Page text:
The Commodification of Moments

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Reflections on the appropriation of intimacy, affectivity, of moments as commodity, from a friend of Autonomies, danny champion …

In the fall of 1997, the commodification of moments was made explicit through a facsimile of picturesque procession of a boy and his father at an alter of Americana: namely a baseball game.  Releasing all the forces of nostalgia of an eternal yesterday (filled with hot dogs, popcorn, and soda pop) MasterCard launched its priceless campaign.  Priceless, in this case, defined in patriarchal purity as  ‘real conversation’ between a generic white father and his eleven-year-old son.  The hook is simple yet eloquent, with a whimsical soundtrack to match:

“Two tickets: $46.  Two hotdogs, two popcorns, two sodas: $27.  One autographed baseball: $50.  Real conversation with eleven-year-old son: Priceless.  There are some things money can’t buy.  For everything else there’s MasterCard.  Accepted at ballparks coast to coast.”

The priceless ad-campaign has gone on to be a fixture in pop-culture for nearly twenty years; producing many reiterations of itself, inspiring parodies, and transversing the globe with replications in many different languages. Priceless has been called a billion dollar ad-campaign, and has been seen as the catalyst that closed the gap between MasterCard and the juggernaut VISA.  So, why has this technique been so effective/affective?

By employing and overlaying an aesthetic of the sentimental and the nostalgic, MasterCard eventually arrives at the aesthetic of the priceless moment.  The irony is that, upon deconstruction, the main argument of the commercial is the opposite of priceless.  The commercial follows a linear procession of cause and effect: a step-by-step manual for the consumption of a moment. First, you buy the tickets. Then you buy the snacks.  Lastly, you butter up the child with some memorabilia, and voila the stage is set for an authentic moment with your son.  Moments are for sale.  This is the commodification of moments.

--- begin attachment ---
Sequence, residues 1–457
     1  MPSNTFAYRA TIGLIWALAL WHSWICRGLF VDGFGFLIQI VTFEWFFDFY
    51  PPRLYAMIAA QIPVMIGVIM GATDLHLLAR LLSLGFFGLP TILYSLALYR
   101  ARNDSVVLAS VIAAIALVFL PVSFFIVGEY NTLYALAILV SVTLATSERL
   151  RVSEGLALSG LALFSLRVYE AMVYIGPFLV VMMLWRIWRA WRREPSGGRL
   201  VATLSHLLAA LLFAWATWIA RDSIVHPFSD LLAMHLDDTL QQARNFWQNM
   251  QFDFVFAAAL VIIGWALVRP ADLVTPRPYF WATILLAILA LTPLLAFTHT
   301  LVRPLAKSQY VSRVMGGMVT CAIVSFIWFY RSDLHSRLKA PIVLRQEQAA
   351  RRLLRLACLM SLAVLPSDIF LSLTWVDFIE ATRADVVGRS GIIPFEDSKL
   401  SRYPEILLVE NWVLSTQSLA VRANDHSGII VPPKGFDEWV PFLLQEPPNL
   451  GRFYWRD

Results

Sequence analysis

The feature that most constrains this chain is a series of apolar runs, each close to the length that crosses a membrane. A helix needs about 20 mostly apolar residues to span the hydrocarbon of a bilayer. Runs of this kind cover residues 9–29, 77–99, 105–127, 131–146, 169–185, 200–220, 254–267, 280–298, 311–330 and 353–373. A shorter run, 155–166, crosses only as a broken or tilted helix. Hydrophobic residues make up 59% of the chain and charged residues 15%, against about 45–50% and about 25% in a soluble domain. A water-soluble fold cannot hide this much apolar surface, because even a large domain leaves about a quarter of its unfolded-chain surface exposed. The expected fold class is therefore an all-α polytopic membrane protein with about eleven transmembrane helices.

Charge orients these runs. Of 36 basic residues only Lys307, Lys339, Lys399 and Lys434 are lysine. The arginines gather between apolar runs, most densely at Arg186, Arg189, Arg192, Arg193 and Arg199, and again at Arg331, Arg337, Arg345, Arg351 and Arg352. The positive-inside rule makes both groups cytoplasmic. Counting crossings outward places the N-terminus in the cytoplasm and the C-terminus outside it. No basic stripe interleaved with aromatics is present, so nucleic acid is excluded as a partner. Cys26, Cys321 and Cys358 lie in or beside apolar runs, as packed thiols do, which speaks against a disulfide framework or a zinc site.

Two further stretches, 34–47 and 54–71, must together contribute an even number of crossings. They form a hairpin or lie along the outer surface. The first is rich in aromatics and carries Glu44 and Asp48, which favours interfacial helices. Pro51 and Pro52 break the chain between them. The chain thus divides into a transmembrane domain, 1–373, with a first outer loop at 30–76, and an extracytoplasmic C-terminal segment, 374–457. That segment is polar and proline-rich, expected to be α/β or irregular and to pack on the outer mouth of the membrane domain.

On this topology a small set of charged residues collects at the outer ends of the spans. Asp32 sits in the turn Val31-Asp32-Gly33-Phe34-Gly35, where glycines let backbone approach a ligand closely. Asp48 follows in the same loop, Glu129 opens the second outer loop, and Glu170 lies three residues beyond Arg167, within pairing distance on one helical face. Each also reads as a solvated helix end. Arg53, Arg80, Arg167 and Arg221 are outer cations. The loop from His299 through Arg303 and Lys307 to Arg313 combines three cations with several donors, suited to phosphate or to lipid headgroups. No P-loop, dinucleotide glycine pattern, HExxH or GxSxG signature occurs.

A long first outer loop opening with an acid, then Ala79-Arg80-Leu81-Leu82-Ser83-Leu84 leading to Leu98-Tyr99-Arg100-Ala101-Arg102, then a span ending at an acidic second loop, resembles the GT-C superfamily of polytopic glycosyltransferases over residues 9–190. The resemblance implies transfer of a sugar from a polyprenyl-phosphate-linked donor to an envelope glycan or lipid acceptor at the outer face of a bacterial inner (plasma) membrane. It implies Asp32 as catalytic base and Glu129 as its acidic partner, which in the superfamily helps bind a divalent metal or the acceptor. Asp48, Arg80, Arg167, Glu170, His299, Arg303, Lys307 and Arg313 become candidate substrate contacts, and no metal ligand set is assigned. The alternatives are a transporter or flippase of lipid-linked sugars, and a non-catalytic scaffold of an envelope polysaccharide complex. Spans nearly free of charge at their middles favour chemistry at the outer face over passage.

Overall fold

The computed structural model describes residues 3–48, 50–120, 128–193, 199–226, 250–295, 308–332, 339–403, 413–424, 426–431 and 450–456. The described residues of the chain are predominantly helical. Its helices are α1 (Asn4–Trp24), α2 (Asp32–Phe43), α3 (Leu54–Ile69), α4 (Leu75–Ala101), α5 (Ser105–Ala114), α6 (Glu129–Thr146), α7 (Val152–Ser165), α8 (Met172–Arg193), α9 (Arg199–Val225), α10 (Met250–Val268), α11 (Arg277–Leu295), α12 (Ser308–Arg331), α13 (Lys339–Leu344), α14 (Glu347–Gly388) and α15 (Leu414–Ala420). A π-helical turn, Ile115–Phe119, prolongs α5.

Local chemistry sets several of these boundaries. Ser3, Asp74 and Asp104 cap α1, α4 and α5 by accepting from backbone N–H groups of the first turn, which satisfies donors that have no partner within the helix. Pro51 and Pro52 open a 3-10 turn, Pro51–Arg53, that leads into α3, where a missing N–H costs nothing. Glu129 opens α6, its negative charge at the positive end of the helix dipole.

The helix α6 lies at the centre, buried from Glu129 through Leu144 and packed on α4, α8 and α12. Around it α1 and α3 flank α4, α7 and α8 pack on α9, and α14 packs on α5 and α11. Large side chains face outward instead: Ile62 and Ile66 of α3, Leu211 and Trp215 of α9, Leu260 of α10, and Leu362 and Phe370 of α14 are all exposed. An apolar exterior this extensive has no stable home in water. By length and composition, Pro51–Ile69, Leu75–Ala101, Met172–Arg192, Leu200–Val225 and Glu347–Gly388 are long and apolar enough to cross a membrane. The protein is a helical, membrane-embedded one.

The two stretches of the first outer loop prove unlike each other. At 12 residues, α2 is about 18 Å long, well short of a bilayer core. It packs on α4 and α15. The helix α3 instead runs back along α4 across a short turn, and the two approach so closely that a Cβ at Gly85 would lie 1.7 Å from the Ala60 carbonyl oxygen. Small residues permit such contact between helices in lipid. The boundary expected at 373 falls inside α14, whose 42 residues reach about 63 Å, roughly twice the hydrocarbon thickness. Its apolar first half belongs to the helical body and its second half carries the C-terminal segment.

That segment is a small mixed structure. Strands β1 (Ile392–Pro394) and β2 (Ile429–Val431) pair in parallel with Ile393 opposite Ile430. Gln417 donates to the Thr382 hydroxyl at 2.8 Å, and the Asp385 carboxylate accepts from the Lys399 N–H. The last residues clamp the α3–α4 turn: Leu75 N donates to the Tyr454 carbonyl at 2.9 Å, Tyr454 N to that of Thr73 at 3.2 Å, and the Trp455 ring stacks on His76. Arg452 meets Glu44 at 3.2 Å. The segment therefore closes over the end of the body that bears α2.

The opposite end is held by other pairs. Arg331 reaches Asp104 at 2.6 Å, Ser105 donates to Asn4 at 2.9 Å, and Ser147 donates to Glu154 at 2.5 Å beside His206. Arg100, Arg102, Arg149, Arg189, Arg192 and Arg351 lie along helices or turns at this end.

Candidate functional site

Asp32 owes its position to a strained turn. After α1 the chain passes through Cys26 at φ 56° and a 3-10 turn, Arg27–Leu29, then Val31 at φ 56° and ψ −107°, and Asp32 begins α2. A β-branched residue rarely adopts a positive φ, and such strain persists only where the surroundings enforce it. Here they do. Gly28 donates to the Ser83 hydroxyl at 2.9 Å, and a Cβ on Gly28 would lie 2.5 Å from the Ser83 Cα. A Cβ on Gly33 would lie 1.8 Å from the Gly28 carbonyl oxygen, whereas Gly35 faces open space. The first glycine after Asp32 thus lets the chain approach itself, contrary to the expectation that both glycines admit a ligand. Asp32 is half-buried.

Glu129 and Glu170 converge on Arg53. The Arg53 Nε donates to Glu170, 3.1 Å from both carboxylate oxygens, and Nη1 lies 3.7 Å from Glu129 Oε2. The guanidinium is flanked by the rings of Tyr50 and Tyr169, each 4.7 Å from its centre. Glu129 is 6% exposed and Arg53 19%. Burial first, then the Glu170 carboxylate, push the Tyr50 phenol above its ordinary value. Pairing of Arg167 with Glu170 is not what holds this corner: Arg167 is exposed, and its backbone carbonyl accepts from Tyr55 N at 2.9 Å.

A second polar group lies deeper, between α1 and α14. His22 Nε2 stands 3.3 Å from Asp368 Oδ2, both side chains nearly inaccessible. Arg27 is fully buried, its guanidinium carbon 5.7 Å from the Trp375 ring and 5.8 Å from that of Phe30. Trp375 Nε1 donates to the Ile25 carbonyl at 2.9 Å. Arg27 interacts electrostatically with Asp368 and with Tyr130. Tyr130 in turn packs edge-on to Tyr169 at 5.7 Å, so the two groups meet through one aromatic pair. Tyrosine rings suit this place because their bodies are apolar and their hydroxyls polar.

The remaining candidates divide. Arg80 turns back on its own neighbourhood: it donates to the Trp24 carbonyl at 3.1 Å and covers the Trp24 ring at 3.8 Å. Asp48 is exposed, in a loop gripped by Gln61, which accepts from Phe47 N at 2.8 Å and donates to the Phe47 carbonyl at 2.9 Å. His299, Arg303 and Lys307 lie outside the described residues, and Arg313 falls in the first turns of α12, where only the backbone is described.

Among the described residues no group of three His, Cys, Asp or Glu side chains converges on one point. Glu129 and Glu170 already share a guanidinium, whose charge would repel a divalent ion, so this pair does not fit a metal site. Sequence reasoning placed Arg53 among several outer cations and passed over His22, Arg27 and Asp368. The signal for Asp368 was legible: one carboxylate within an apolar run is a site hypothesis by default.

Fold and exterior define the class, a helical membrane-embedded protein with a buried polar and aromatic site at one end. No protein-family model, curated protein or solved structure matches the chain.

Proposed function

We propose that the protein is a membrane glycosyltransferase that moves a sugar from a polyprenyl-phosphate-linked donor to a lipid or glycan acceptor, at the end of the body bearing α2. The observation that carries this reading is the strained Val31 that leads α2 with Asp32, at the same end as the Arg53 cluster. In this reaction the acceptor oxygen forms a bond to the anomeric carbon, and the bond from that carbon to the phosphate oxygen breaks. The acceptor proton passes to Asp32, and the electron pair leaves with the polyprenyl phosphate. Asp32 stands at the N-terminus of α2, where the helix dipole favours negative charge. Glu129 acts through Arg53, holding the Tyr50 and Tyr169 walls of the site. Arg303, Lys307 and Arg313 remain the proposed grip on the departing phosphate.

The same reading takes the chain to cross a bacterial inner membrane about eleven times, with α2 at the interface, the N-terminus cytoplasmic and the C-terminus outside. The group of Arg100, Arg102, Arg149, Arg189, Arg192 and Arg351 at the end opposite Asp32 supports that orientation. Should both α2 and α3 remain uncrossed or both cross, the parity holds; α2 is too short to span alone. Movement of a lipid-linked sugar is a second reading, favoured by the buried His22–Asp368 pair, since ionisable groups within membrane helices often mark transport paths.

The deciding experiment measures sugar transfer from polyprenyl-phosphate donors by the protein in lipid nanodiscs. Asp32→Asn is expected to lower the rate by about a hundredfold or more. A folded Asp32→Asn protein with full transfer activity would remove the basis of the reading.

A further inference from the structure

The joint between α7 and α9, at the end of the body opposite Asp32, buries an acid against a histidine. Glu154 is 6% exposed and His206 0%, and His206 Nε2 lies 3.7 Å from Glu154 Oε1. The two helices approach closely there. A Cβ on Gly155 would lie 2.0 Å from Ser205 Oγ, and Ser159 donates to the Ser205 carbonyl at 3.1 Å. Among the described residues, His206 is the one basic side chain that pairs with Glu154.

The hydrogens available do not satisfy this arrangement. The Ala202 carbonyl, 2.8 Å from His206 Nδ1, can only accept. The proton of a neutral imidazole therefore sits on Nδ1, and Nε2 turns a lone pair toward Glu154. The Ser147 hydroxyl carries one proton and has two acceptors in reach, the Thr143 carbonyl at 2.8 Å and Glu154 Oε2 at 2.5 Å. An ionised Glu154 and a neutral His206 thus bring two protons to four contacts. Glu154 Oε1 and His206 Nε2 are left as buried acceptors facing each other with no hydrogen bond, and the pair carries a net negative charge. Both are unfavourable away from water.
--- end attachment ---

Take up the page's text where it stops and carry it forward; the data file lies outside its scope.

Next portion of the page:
The median hourly wage in the US in 1997 was $8.75.  In other words, it would take the average father fourteen labor hours, roughly two days of work, in order to have the total monetary capital of $123 that would pay for the procession of moments that lead to the priceless moment of ‘real conversation with eleven-year-old son’.  Who knew ‘real conversation’ with children was so expensive?  And what does this ‘real conversation’ entail?  Did they talk about how privileged they are to be at the game?  Did they talk about the absurd spectacle of baseball and sports in general?  And what of politics?  I’ll bet you that for $123 they stood for the National Anthem…

 

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